Well, that little scrappy scarf that I thought I was nearly done with? It took me another week after that post to complete it. (At some point, I will actually dig out my camera and remember to edit photos to put in with these posts. To do: Invent a day that is longer than 24 hours.) This was mostly because, rather than just continuing with the brilliant plan I had come up with in the previous post, I began to doubt the wisdom of it. I looked at all of those little scraps piling up and ending and thought, “This is going to be an absolute disaster.” Even with my knowledge of weaving in ends as I go, I thought that this was going to just fall to pieces or look like a mess. So what did I do? The worst possible thing a knitter can do *ever* when they’re anxious, so far as I’m concerned.
I ripped back.
Now I know, some of you are wanting to explain to me the wisdom of ripping back to fix mistakes, and I have no issue with that. None at all. The type of ripping back that I’m talking about is entirely fear and anxiety driven. The kind of blind ripping back you do when you know that you can’t possibly end the project the way you had originally intended or thought that you might, so you just go back to where you think the best place to start over and come up with a safety plan is. Sometimes that works out just fine…but a lot of times, in my own experience, what happens is that you come back to the project the next day and realize that rather than ripping back you could have just __________. There are probably half a dozen other solutions at any given time, but a lot of times all we can see is the project and how it’s not working and we operate off of that. It has never failed me when I’ve set down a project and walked away from it for about 24 hours to have a think about what I intend to do. If a solution isn’t apparent, then I can rip back knowing that at least I didn’t just give in to having a bad case of the willies.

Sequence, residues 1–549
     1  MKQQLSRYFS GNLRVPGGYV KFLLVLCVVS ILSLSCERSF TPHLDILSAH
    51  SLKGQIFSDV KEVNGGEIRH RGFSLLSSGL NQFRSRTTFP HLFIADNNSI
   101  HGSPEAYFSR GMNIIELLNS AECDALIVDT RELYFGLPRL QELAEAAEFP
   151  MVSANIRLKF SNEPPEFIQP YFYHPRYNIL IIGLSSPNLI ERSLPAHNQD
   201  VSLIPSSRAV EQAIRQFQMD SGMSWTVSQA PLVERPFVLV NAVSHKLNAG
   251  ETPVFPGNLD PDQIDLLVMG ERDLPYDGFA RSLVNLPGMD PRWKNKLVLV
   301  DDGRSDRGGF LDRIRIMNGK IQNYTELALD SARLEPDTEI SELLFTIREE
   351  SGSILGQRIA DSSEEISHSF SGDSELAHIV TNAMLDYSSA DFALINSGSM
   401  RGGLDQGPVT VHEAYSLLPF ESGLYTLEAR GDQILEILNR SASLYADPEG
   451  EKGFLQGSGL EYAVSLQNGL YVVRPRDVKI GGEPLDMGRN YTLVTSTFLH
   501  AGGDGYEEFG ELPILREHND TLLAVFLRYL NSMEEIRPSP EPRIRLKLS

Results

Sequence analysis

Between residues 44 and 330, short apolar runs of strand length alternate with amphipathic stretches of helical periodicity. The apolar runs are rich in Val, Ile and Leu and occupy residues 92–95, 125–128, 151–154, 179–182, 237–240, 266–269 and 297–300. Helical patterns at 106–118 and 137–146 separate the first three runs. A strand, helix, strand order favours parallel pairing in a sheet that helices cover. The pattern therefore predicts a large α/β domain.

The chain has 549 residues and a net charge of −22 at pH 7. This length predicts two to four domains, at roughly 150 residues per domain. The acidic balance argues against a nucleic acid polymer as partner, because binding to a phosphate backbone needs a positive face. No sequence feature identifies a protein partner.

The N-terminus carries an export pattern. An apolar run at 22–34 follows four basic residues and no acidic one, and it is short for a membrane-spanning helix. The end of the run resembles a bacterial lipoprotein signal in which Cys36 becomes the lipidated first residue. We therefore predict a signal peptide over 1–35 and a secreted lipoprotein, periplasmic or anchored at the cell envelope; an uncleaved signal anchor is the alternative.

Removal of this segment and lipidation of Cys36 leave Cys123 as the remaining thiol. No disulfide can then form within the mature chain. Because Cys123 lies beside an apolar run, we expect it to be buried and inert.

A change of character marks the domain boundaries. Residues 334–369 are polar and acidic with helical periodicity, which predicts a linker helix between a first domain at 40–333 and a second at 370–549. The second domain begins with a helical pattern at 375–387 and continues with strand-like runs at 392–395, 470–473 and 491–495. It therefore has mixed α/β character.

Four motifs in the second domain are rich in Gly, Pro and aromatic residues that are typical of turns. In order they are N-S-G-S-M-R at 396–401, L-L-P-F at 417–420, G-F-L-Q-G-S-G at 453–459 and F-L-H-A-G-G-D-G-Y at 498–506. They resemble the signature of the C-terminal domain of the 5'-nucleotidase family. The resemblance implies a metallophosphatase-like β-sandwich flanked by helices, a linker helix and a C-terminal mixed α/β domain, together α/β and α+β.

This was not one of those times. I ripped back and started doing the decreases in the triangle before. But once I got close to the end of that, I could see that I had much much more yarn left over than I wanted. So I ripped out *again*, tried a few other things that led to *more* ripping back, and finally, I went back to my original plan to incorporate the really wee scraps into the scarf. I wound up doing it a little differently – using longer mini-skeins in combination with the scraps. I also came across this fantastic video tutorial, courtesy of The Yarn Harlot, on knotting yarns together. I really adore this – it’s just a square knot, but it’s so brilliant. I’ve made knots like these endlessly on string necklaces to keep them from ever coming apart. I didn’t snip off the ends of my yarn like she does in the video – what can I say, I’m a little nutty about not liking the act of cutting yarn, and particularly since I’d ripped back umpteen times at this point, I thought it best not to cut. But it did make me feel more secure about the little wee bits of yarn not coming undone from one another.
Since then, I also created a fantastic cowl designed by Anne Hanson, as part of her Fall in Full Color club, which I am just loving the heck out of. The yarn was amazing, the pattern was quick, fantastic, and traveled well for Thanksgiving time, and despite the fact that not one person has noticed or complimented me on this bright orange cowl, I think it’s awesome. I am also very pleasantly surprised to discover that given the right outfit behind it, I can pull off wearing a bright orange item around my neck!
But now…oh now, now we have hit that deadly part of the year. The one that makes me think of the phrase “Pride goeth before the fall.” You all know what I mean – holiday time. Crunch time.